How to Improve Your Pronunciation in Spanish?
Yes, you can improve your pronunciation in Spanish.
I have been looking for how I can sound like a native Spanish speaker too and found a lot of useful tips and information. Now, every time I record myself, I can hear that I’m improving. In addition, I can understand native Spanish speakers better since I know how words and sentences are pronounced!
NOTE: This may be a long post. Skip the steps you already know. If you are a beginner? Don’t try to apply every step at once but separate the steps over a couple of weeks. Just take your time.
Tl;dr If you want to improve your pronunciation in Spanish, make sure that:
- You focus on the pronunciation of the Spanish alphabet
- You know how words are linked together
- You know how to apply intonation
- You practice frequently
The pronunciation of the Spanish alphabet
The Spanish alphabet contains 30 letters which are pronounced differently than in English or in any other language you already know. If you don’t know the pronunciation of each letter in Spanish exactly, make sure you watch the video below.
Some of the important things to remember, based on the pronunciation mistakes I and my friends make, in Spanish:
- The letter b and v sound pretty similar.
- When the letter D isn’t at the beginning of the word, it is pronounced like a soft t
- The letter H isn’t pronounced in Spanish
- The letter R may be hard to pronounce. This video may be useful.
- When you pronounce the letter R to strong, it will sound like a RR. Pero will sound like perro.
Understanding how sentences are pronounced is an important step to improve your pronunciation in Spanish. If you understand this, you will see that Spanish actually isn’t a fast spoken language.
The only thing you have to is to understand how the words are linked and which syllables are stressed in Spanish.
Linking of words in Spanish
In English, every word is pronounced just one by one. We hear the spaces between every word. Maybe that’s not completely true… but we recognize every word in a sentence. We know where a word starts and where it ends.
This works differently in Spanish.
For example, te he contado is pronounced like tee-con-ta-do and un idea is pronounced like u-ni-dea
Do you want to know how this exactly works? Watch the video below.
How to divide syllables?
Now, you understand how the Spanish sentences are pronounced. But how do you connect long words in sentences on each other?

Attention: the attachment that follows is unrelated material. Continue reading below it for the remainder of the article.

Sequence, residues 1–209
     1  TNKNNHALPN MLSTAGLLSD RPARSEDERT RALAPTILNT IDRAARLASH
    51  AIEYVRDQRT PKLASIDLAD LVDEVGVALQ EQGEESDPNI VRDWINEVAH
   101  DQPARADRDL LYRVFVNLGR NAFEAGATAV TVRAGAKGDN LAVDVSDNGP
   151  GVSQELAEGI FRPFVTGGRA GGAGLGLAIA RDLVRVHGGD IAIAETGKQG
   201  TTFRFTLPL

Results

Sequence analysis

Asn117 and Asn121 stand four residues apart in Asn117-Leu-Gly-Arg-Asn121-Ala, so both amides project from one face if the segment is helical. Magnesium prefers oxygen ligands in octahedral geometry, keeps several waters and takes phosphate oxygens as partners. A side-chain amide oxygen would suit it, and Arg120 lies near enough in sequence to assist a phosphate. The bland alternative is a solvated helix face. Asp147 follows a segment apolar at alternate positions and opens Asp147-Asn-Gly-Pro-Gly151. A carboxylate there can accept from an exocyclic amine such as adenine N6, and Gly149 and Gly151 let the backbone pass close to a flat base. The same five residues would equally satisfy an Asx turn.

Let’s use this sentence as an example ‘estoy comprando un instrumento’. This literally means ‘I’m buying an instrument’.
You can mess up your pronunciation by saying es-toyco-mpra-(…) or est-oycom-pra-(…).
As you can see, you should understand how you can break down the words into syllables. Let’s take a look at the explanation in the video below.
So, according to the explanation in the video, the sentence will be divided into the following syllables:
Linking this together makes es-toy-com-pran-doun–in-stru-men-to
But hey, how do people distinguish and recognize words in a sentence if they talklikethiswithoutanyspacebetweenwords?’.
What syllables are stressed?
In Spanish, people whom you’re having a conversation with will recognize words by its stressed syllables. Every Spanish word contains one stressed syllable.
There are three rules you should keep in mind:
- If the word ends in a vowel, n or s, it’s stressed on the next-to-last syllable
- If the word ends in a consonant that’s not an n or s, it’s stressed on the last syllable
- If a word is not stressed in either of these two ways, the word will have an accent mark on it to indicate where you should place the stress
The following syllables are stressed in our example: es-toy-com-pran-doun-instru-men-to. Do you see how clear the sentence becomes?
Let’s take a look at the video below for a detailed explanation!
Now, you know how the pronunciation of sentences in Spanish works. In addition, you’re finally able to sing along with Spanish songs! Hooray!
Improve your intonation, improve your pronunciation in Spanish